Airline Travel Issues and Hurricanes

When hurricanes or severe winter storms threaten the US, passengers across the country may be affected. The typical hurricane or winter storm may cause disruption over several states, and may affect flights that fly in the area where the storm may hit.

On rare occasions, a hurricane may devastate a city the way that hurricane Katrina devastated parts of New Orleans in 2005, or Sandy devastated the New York and New Jersey area in 2012. However, hurricanes and tropical storms frequently strike the US, and many of them may affect air travel for one or more days. If you plan to travel by air when a hurricane or tropical storm threatens to strike land, you should take the time to do the following:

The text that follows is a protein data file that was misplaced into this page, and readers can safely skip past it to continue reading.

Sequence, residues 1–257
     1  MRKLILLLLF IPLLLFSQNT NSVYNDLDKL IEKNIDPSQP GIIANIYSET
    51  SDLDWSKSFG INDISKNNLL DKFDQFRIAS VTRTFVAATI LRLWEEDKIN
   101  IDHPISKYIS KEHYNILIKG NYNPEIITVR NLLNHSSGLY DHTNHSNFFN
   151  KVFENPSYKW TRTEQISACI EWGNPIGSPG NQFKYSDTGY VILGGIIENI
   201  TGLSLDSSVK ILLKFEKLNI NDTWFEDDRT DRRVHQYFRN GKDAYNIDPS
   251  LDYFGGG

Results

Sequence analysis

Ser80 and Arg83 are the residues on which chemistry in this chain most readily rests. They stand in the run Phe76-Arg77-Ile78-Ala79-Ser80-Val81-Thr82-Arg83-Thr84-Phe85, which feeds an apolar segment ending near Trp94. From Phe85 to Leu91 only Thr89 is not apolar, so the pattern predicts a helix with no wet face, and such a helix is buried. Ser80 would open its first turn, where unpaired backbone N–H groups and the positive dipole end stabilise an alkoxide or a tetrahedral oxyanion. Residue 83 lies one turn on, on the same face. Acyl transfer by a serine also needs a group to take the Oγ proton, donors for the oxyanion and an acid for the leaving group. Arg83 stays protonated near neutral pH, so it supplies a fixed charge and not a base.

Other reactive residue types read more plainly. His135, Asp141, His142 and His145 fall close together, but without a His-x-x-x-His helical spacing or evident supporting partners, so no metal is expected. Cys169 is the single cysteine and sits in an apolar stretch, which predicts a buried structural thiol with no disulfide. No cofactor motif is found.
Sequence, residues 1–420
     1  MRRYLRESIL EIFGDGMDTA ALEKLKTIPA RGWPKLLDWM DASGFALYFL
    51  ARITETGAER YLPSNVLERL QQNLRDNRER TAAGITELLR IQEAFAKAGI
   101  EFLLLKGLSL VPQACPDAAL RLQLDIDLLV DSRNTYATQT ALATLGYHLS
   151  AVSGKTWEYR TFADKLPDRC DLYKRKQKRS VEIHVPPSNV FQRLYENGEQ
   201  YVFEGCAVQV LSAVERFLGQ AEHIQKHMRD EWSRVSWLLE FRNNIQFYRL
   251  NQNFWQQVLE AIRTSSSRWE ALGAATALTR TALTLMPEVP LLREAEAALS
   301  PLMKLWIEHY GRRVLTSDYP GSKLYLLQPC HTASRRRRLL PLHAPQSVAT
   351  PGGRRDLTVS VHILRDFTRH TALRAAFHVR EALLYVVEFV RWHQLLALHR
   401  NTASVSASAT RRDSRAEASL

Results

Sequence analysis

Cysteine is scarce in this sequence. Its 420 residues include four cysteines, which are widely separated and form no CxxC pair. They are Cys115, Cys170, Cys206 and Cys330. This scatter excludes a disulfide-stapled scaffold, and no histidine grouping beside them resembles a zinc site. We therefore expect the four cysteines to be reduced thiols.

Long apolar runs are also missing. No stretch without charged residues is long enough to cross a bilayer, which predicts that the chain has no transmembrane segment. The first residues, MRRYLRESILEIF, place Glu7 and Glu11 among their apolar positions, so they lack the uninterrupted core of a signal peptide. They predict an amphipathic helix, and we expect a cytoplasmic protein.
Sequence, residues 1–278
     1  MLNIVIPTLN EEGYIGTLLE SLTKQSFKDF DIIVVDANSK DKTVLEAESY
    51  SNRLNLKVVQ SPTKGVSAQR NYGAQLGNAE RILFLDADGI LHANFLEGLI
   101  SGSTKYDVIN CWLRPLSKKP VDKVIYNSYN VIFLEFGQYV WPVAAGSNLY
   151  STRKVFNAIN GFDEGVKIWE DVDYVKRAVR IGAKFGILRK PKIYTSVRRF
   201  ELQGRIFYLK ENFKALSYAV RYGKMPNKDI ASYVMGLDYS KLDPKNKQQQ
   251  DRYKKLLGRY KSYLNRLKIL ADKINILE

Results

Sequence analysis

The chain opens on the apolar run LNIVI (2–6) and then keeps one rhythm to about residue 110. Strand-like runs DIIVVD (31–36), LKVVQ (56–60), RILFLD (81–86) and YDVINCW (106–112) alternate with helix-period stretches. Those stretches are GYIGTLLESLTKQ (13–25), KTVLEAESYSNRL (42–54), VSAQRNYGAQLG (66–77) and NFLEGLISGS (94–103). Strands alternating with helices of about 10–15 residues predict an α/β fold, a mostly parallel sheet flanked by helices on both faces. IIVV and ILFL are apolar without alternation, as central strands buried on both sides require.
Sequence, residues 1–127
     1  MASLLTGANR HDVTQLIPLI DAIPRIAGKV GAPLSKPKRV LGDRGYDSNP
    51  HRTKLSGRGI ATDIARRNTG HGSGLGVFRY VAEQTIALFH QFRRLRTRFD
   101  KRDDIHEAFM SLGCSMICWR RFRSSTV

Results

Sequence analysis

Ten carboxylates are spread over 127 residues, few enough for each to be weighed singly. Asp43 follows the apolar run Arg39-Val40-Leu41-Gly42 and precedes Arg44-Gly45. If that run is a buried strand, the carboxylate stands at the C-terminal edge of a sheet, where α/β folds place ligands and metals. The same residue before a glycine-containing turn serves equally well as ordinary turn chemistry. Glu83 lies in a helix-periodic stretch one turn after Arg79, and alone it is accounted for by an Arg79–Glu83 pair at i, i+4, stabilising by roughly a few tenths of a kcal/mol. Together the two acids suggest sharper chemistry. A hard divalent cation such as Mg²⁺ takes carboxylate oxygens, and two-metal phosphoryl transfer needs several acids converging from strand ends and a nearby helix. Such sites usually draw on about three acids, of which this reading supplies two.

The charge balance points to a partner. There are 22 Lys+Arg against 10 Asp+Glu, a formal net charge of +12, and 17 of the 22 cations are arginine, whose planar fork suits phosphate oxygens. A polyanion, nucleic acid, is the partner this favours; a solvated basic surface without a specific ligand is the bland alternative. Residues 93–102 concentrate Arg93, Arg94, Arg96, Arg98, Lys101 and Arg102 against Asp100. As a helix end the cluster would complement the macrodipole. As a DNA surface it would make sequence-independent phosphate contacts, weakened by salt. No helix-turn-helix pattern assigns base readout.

• Check with your airline to see if your flight is affected
  • Check the airline's web site to see if they are posting special notices about the storm
  • Keep track of storm forecasts
  • Be prepared to have your flight delayed, rerouted, or cancelled

Keep in mind that your airline may not offer any compensation for a delayed or cancelled flight. Typically when a tropical storm or hurricane affects operations at an airport, the airline may allow you to make changes without costs or penalty. However, you should check with the airline to see what policy may apply.

The following resources may provide you with additional insights into what you can do to deal with a storm that threatens to interfere with your air travel plans.

Severe Storm Updates
National Hurricane Center
NOAA Severe Weather Overview
Weather Underground

General Weather and Turbulence Data
U.S. Weather Radar
Turbulence Maps
U.S. Lightning Activity
Other Turbulence Data

Flight Tracking and Status
U.S. Flight Delays

Passenger Resources
Delays and Bumping
Making Complaints

Airline Travel Issues and Hurricanes

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Airline Travel Issues and Hurricanes -- Revised: 26 October 2012